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ISBN: 978 1 903039 80 9
Categories: 21st Century, Russian, Women
Imprint: Carcanet Poetry
Published: February 2007
216 x 135 x 6 mm
Publisher: Carcanet Press
No one person could be this desired
Across the gulf, could contain in their veins
That quiet, or the nervous system of stones
And seasons with the same small time.
No thing could remain so finally other
Though the birds move between, the clouds
Pass over. Might have been Russia or even China
Might have been pack ice, floating, floating
Sasha Dugdale's poems explore the mysterious solitudes of individual lives with tender, unsparing lucidity. The book opens with a sequence written at the Pushkin family estate. The great Russian poet, setting out to St Petersburg, turns back when a hare runs in front of his horse: the superstitious act saves his life. Such chance or fated moments where paths cross are at the heart of the collection. A boy on a train, passing a gold chain through his fingers, sparks a buried childhood memory in a watching passenger; lovers reach out to touch in the dark; a dying soldier holds to the sight of house martins swooping over a pool. In fragmentary meetings, Dugdale finds a source hope and art.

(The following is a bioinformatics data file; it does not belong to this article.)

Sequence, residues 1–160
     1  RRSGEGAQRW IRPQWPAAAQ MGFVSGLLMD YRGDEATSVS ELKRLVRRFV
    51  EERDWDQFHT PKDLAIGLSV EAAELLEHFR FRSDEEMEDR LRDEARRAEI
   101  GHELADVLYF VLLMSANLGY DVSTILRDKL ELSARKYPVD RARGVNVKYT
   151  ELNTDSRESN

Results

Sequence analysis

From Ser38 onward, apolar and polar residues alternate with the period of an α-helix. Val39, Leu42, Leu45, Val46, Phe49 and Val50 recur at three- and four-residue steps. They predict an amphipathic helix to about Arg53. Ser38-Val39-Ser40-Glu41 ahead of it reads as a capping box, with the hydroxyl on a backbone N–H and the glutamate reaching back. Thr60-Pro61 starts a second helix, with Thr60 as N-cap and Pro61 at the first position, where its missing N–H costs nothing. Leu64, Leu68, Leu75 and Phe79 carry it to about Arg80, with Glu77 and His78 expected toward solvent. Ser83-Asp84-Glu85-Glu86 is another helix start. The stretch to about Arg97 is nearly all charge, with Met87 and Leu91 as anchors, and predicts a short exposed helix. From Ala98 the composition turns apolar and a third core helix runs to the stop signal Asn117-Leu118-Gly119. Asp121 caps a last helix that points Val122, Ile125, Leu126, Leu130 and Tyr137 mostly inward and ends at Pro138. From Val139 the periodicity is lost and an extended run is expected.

Awards won by Sasha Dugdale Winner, 2017 The Poetry Book Society Winter Choice Award (Joy) Winner, 2017 SOA Cholmondeley Award Winner, 2016 Forward Prize for Best Single Poem (for 'Joy') Winner, 2003 Eric Gregory Award
'The sensibility The Estate reveals is intelligent and wry - as well as highly original'
Fiona Sampson, Tower Poetry Praise for Sasha Dugdale '...a beguiling and unusual debut, its best poems at once elusive, satisfying and likely to go on being read.'
Sean O'Brien, Times Literary Supplement 'Addictive writing, compelling and tender.'
Malika Booker My favourite collection this year is Sasha Digdale's 'Red House' (Carcanet Oxford Poets). I like how she has infused her British sensibility with the passion and abandon of Russian poets like Anna Akhmatova and Marina Tssvetaeva, whom she has previously translated.
Kathryn Maris, Timeout Magazine Best of 2011
'Notebook is a beguiling and unusual debut, its best poems at once elusive, satisfying and likely to go on being read.'
Times Literary Supplement
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